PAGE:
When dealing with grouped messages in MQ, the MQMD header contains three separate fields that require values in order to help associate distinct physical MQ messages as members of the same logical group:

GroupId:

The GroupId field is a byte string that identifies the particular message group or logical message to which the physical message belongs. GroupId is also used if segmentation is allowed for the message. When a message is too big for a MQ queue, an attempt to put the message on the queue will usually fail. Segmentation is a technique in which the queue manager or application splits the message into smaller pieces, called segments, and places each segment on the queue as a separate physical message. Our scenario does not require message segmentation, so we won't discuss this MQ feature further.

MsgFlags:

The MsgFlags field is divided between two uses: denoting segmentation and status. In other words, the MsgFlags field of a physical message indicates whether it belongs to a message group, is a segment of a logical message, both, or neither. Our scenario does not require message segmentation, but we do use the MsgFlags property to record each outbound message's group status. MQ defines two constant values that are used in the MsgFlags field to determine whether the message is a normal member of a message group (MQMF_MSG_IN_GROUP=8), or the very last member of the message group (MQMF_LAST_MSG_IN_GROUP=16).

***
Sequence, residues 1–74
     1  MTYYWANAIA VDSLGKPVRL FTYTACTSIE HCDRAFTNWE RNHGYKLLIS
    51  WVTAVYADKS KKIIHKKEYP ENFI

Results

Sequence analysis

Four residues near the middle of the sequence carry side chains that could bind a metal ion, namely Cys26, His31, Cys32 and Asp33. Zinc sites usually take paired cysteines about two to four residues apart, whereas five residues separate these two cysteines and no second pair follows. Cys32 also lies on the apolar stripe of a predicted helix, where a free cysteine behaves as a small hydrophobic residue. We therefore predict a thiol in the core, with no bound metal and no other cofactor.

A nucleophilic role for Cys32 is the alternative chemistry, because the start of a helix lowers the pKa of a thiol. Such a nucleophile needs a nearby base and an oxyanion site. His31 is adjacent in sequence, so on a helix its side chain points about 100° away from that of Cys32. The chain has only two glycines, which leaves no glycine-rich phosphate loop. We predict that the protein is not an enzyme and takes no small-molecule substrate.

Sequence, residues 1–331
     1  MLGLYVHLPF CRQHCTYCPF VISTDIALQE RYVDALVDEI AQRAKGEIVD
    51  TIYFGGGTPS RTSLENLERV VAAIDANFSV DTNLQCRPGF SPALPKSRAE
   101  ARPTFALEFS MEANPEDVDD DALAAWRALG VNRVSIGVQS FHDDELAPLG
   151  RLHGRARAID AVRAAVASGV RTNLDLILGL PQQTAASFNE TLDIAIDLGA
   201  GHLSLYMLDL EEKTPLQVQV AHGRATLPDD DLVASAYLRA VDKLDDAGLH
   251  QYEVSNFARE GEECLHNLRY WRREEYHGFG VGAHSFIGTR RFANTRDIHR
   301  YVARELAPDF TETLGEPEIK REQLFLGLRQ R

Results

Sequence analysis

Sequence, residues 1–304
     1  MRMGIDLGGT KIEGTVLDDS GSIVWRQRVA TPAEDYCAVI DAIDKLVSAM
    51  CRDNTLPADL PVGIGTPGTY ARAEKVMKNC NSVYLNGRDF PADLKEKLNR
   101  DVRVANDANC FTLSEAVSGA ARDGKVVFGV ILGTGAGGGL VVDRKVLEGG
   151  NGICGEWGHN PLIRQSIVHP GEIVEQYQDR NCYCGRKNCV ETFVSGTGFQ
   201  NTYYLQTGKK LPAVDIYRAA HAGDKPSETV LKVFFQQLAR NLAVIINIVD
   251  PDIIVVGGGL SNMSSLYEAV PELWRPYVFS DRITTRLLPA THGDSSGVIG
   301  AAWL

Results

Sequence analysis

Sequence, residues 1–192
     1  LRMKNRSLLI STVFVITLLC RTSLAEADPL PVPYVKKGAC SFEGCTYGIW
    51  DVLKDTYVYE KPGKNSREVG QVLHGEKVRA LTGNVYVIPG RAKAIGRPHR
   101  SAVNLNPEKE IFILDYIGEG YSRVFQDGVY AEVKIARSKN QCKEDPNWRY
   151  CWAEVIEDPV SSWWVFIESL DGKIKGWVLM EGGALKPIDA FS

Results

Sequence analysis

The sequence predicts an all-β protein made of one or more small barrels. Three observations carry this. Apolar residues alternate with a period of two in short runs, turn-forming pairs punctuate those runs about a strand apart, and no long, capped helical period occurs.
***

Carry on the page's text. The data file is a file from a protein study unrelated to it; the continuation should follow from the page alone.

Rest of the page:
MsgSeqNumber:

The MsgSeqNumber field contains a sequence number of a logical message within a MQ message group. Sequence numbers start at 1, and increase by 1 for each new logical message in the group, up to a maximum of 999, 999 999. A physical message that is not in a group has a sequence number of 1.

As previously stated, the purpose of the first two output cards is to represent two versions of an MQMD. Selecting output card 1 (OutCard_MQMDNormGroupMember) displays a series of fixed values that are set for fields of the MQMD header in circumstances where the message is not the last member of a group, as shown in Figure 10.

Figure 10. OutCard_MQMDNormGroupMember values when not last
Figure 10. OutCard_MQMDNormGroupMember values when not last
Figure 10. OutCard_MQMDNormGroupMember values when not last

Note in particular the settings for the GroupId, MsgSeqNumber and MsgFlags properties. The MsgSeqNumber value (statically set to 1) is replaced in the final output message by the relevant iteration number, when the Functional Map is called from the Output card 3. The MsgFlags value (statically set to 8) specifies that the message is a member of a MQ message group.

Selecting output card 2 (OutCard_MQMDLastGroupMember) displays a series of fixed values that are set for fields of the MQMD header in circumstances where the message is the last member of a group, as shown in Figure 11:

Figure 11. OutCard_MQMDLastGroupMember values when last
Figure 11. OutCard_MQMDLastGroupMember values when last
Figure 11. OutCard_MQMDLastGroupMember values when last

Note in particular the settings for the GroupId, MsgSeqNumber and MsgFlags properties. The MsgSeqNumber value (statically set to 1) is replaced in the final output message by the relevant iteration number, when the functional map is called from output card 3. The MsgFlags value (statically set to 16) specifies that the message is the last member of a MQ message group.